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Dev/Control Port Filter Proxy

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Introduction[edit]

https://github.com/Whonix/control-port-filter-python
https://phabricator.whonix.org/tag/control-port-filter-python

Tor's control port has in context of Whonix, dangerous features. The answer to the Tor control command GETINFO address will be the real external IP of the Tor client. Other dangerous commands include SETCONF, LOADCONF and GETCONF. This can not be limited any other way, since the feature request Option to limit information Tor's control port discloses against Tor has not been implemented. By the way, this Tor control port feature makes also a Bridge Firewall impossible. Therefore before Whonix 6, Whonix-Workstation had no access to Tor's control port. This was because, Whonix-Workstation is not supposed to have an way of finding out its own external IP address.

Before Whonix 6, this also broke Tor Button's New Identity feature, which essentially sends SIGNAL NEWNYM to Tor's control port. While Tor Button's New Identity is still the only feature that was not available when using Tor Browser in Whonix, Tor Button in future will get more and more dependent on Tor's control port.

Tor Browser by default performs its own control port verification. It checks using Tor's control port(!), that the socks port Tor reports, is the same one as Tor Browser is configured to use. If it fails, and it would fail in Whonix 0.5.6, Tor Button would look like disabled and show a failure message. (To see how this would look like, see this screenshot.) (To see how this generates user confusion, see this forum thread.) Since Whonix 6 this check is disabled using environment variable to skip TorButton control port verification (export TOR_SKIP_CONTROLPORTTEST=1) by package anon-ws-disable-stacked-tor. [1]

In future, Tor Button will likely also use something like GETINFO clockskew. Tor Browser developer rejected the idea of not adding the statement require no access to Tor's control port to Tor Browser's design.

Therefore all requirements, Whonix-Workstation having no way of finding its own external IP address, joining Tor Browser's fingerprint for Whonix users, having no access for Whonix-Workstation to Tor's control port with Tor Buttons new requirement to have access to Tor's control port contradicted itself.

Control Port Filter Proxy (cpfpy) has been implemented as a solution. It gives Whonix-Workstation access to a limited selection of Tor's control port commands, using white listing (not blacklisting). For example, it allows SIGNAL NEWNYM to make Tor Buttons New Identity feature available for users who use Tor Browser in Whonix-Workstation.

Therefore when cpfpy gets asked GETINFO net/listeners/socks, it lies, and answers '250-net/listeners/socks="127.0.0.1:9150"'. This makes Tor Button happy and therefore it shows a "Congratulations!" (success) welcome page on its default homepage about:tor and not the failure page, which would confuse users. Since bug TorButton about:tor fails when using additional socks listeners has been fixed by Tor Tor Project, it that lie wouldn't be necessary anymore. We're keeping it, because it is not necessary for Tor Button get a full list of all ports Tor is listening on. If an attacker compromised Whonix-Workstation, hiding that list has an advantage. The attacker can probe what ports are available to that Whonix-Workstation, but if the user added extra ports not available to the compromised Whonix-Workstation (only available to another Whonix-Workstation listening on another IP), at least those remain secret. (This is a bit theoretical, because a compromised Whonix-Workstation can spoof its LAN IP and most likely very few users are using ARP spoofing defenses. Should we add ARP spoofing defenses by default at some point, we at least don't have to worry about this point.)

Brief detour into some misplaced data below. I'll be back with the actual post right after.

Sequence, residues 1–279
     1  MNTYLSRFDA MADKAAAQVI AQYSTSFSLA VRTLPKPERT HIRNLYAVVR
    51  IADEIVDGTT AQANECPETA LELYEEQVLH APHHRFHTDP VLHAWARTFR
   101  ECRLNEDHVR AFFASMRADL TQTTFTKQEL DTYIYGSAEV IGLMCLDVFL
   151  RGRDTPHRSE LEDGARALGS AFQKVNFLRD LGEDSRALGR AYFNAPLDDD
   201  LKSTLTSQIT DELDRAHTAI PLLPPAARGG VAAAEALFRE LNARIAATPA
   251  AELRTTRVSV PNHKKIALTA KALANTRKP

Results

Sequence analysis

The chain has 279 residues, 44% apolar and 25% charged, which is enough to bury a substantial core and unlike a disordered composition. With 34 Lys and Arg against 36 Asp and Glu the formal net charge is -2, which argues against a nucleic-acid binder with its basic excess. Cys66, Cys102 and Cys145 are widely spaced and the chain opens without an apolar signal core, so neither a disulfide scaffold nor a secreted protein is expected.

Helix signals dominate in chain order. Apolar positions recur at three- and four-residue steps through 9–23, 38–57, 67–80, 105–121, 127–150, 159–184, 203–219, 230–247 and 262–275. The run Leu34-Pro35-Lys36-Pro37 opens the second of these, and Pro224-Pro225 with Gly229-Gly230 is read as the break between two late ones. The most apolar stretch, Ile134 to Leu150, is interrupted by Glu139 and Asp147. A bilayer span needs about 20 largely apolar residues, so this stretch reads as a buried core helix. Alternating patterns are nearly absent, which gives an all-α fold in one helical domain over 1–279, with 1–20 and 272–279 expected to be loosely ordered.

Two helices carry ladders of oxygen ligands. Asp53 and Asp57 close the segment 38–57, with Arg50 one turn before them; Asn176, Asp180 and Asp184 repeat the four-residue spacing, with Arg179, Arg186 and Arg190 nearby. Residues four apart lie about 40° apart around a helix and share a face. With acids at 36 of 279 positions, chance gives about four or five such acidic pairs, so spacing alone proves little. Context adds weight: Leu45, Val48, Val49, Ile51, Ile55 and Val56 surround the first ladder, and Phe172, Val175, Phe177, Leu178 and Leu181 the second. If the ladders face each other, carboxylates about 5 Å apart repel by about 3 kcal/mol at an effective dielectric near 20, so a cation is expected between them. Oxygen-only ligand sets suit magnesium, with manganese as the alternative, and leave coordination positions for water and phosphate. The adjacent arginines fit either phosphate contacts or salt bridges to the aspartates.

For eventual further Tor control port access requirements by Tor Button, the configuration file of accepted commands has to be extended. If Tor Button would ever ask for anything which violates Whonix's design (Whonix-Workstation has no way of finding out its own external IP address in particular), such as GETINFO address, for example if Tor Button wanted to ensure, that the user is not using its own external IP address, a new lie would have to be added to the cpfpy script. In case many more lies are required, lies should go into the config file as well, for now, hard coding is sufficient.

whonixcheck asks cpfpy status/bootstrap-phase [2] as well as status/circuit-established [3] in Tor Bootstrap Status Check [4] (usability feature).

cpfpy limits maximum accepted command string length to 128 (configurable) (credits: [5] [6]) for better security.

Advanced users who do not wish to use cpfpy can disable it, see Advanced Security Guide#Disable Control Port Filter Proxy.

TODO: expand - required for onionshare https://www.whonix.org/wiki/Next#onionshare / ricochet

Whonix-Workstation[edit]

Whonix sets appropriate environment variables for control port (9151), control port ip (127.0.0.1) and control port password "password". The latter is not really in use, its just to make Tor Button happy, because it doesn't default to some password. Tor Button sends it, but its ignored by Control Port Filter Proxy.

rinetd[7] socat redirects 127.0.0.1:9151 to Whonix-Gateway IP: 10.152.152.10